Pests and diseases make summer squash one of the most challenging vegetables to grow in Georgia home gardens, according to University of Georgia plant pathologist Elizabeth Little, who studies plant diseases and control methods at the UGA College of Agricultural and Environmental Sciences.
“Through my plant pathology experience and observations, I’ve noticed what is most difficult to grow in Georgia’s hot, muggy summers. Squash tops the list,” Little said. “That’s why summer squash will grow better where summer conditions are cooler and drier.”
Insects like squash vine borers and squash bugs often dine on summer squash.
Squash vine borer moths lay eggs at the base of the squash plant and the larvae feed within the stem. Their feeding damages the plant, causing it to wilt and collapse. The only sign of the pest is sawdust-like frass at the base of the stem.
There is no guaranteed way to control squash vine borers aside from planting a resistant variety of squash. UGA Cooperative Extension horticulturist Bob Westerfield tells backyard gardeners to plant extra squash plants, “some for you and some for the squash vine borers.”
In May, squash bugs lay eggs in the first planting of summer squash and remain in the garden. They can carry a bacterial disease that causes the plants to wilt and die, Little said.
“Insects can be seen on plants, but diseases are a little mysterious,” she said. “You can’t just look at the plant and see the microscopic pathogens.”
Viruses often knock out summer squash plants during July and August. To fight viruses, Little suggests that home gardeners plant an early crop of squash, then wait until the fall and plant again.
Many squash diseases strike plants by July and August. The key is to stay ahead of the diseases, Little said. Choose an open, sunny spot and plant early in the season. Keep plants healthy through good fertility and soil conditions, she said.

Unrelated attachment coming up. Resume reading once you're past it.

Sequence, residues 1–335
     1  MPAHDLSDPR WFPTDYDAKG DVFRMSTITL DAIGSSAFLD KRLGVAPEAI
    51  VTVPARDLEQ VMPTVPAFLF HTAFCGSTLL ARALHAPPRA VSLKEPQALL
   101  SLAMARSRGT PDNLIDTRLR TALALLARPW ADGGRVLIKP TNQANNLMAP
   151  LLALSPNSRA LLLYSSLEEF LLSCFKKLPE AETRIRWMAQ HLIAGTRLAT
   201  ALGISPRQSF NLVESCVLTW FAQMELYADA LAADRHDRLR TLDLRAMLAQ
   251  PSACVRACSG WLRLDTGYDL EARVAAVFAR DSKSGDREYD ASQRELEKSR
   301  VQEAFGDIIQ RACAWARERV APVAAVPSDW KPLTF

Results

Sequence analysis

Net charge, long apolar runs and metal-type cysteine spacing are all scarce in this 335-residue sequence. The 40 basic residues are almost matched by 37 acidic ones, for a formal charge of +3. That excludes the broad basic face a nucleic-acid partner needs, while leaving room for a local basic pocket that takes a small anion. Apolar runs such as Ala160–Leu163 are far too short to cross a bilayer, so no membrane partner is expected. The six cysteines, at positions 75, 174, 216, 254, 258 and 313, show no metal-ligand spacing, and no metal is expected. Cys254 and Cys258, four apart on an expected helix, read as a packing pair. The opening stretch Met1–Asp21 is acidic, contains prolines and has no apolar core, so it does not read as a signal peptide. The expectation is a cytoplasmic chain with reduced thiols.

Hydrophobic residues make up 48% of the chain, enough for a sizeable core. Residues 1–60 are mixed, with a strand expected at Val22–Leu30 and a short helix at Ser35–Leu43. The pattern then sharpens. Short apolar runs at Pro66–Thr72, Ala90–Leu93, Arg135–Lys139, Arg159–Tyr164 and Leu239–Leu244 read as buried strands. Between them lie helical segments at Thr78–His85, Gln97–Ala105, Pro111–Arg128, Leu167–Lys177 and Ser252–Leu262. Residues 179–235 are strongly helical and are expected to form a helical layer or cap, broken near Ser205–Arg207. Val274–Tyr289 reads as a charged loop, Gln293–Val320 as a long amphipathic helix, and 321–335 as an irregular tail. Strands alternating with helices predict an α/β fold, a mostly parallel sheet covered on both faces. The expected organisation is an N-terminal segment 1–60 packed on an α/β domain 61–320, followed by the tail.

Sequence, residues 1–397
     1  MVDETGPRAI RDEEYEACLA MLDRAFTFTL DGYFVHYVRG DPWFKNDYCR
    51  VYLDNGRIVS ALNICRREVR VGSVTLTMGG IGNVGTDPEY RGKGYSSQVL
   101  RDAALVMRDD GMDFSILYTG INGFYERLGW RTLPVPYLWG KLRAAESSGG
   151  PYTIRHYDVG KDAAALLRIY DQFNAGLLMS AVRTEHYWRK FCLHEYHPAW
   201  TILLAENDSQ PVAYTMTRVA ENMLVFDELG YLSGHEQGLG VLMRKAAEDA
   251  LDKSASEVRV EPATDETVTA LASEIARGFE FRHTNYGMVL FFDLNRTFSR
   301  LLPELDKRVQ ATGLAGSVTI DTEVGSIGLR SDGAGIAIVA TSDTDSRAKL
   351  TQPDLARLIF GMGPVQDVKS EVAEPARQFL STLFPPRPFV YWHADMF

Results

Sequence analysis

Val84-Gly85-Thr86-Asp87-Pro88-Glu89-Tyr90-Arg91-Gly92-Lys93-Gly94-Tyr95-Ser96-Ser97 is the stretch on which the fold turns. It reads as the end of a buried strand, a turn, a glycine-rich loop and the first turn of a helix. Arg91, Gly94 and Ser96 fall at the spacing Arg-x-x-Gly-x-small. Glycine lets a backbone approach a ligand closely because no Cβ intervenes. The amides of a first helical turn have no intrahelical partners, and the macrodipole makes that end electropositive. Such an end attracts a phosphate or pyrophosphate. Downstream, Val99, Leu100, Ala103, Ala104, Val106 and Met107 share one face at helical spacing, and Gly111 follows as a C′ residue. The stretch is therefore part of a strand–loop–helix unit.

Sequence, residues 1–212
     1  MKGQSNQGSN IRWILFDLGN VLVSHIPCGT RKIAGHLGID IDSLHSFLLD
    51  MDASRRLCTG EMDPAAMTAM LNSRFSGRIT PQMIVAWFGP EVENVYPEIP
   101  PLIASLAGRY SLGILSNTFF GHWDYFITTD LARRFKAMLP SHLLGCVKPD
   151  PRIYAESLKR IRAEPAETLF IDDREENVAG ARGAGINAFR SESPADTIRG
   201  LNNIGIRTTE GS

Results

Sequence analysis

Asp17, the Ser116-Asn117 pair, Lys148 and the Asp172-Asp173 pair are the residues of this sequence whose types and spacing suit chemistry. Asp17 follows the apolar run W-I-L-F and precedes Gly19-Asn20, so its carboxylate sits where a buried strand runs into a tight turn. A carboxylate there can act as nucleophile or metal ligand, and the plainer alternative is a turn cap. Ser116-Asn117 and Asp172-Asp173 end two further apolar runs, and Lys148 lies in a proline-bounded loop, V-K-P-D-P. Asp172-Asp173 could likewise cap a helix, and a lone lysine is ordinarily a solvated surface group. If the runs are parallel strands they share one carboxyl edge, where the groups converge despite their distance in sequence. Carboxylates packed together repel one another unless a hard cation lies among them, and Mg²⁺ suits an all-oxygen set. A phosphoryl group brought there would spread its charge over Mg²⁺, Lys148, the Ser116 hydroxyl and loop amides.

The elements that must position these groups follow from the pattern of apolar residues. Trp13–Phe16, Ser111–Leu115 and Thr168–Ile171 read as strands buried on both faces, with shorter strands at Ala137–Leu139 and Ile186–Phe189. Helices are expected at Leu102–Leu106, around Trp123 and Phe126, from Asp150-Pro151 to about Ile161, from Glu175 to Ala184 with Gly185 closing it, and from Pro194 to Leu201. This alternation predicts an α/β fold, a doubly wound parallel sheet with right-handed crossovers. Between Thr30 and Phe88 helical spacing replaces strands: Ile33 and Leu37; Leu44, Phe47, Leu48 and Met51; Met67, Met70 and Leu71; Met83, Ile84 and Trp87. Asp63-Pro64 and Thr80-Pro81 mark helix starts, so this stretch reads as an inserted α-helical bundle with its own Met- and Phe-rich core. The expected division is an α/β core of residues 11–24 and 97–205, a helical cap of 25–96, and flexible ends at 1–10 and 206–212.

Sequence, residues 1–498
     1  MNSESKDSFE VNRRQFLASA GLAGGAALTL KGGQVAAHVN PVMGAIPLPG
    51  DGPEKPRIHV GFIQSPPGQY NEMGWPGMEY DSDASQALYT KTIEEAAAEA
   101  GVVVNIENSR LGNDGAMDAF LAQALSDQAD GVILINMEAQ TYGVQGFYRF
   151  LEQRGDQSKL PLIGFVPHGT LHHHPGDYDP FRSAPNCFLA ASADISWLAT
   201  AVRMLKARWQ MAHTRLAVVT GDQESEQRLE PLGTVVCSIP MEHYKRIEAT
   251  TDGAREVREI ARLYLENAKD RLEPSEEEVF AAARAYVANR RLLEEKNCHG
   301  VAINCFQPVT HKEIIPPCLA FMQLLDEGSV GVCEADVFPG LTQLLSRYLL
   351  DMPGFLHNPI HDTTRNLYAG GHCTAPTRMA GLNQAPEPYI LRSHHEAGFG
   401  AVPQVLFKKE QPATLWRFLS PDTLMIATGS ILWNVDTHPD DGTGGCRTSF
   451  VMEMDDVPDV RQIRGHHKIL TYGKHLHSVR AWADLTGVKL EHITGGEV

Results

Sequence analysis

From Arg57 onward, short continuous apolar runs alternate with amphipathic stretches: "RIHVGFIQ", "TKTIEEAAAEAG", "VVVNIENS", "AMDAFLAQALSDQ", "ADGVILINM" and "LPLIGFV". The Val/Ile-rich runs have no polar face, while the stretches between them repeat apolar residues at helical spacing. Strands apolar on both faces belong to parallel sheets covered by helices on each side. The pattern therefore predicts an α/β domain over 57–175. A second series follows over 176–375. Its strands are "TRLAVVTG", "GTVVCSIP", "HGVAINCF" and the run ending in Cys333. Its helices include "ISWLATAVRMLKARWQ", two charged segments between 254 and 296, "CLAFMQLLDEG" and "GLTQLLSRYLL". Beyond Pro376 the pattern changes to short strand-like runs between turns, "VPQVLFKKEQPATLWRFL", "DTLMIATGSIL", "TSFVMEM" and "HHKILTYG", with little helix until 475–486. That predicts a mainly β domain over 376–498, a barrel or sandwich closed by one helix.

“If you wait until after you see the disease, it’s too late,” she said. “It’s all about prevention. There is no cure.”
Downy mildew, a water mold, can also be a problem in summer squash, according to Little. The mold hurts the leaves of the plant, which affects photosynthesis.
Downy mildew doesn’t survive over the winter, but it moves from south Georgia each year and shows up in north Georgia by June or July, she said.
“It’s not an early-season disease, so planting early can help,” she said.
Powdery mildew loves Georgia’s hot, humid summers and summer squash. Some squash cultivars were bred with resistance to the disease.
To help cut down on disease pressure in the home garden, have a “squash-free period” during the height of summer. This helps stop the cycle of pests and disease, Little said.
Fruit can start to rot during wet weather. To fight fruit rot, improve air circulation in the garden by making sure plants are not crowded. Keep the fruit dry and off the ground by placing leaves or landscape cloth under the fruit.
In general, Little recommends that backyard gardeners search for vegetable varieties that grow best in hot environments.
Tomatoes and pumpkins are also on Little’s list of vegetables that are hard to grow in Georgia due to pests and diseases, but she says that watermelons and other melons grow well in Georgia heat.
For more information on growing a vegetable garden in Georgia, read through the UGA Extension publications at www.extension.uga.edu/publications.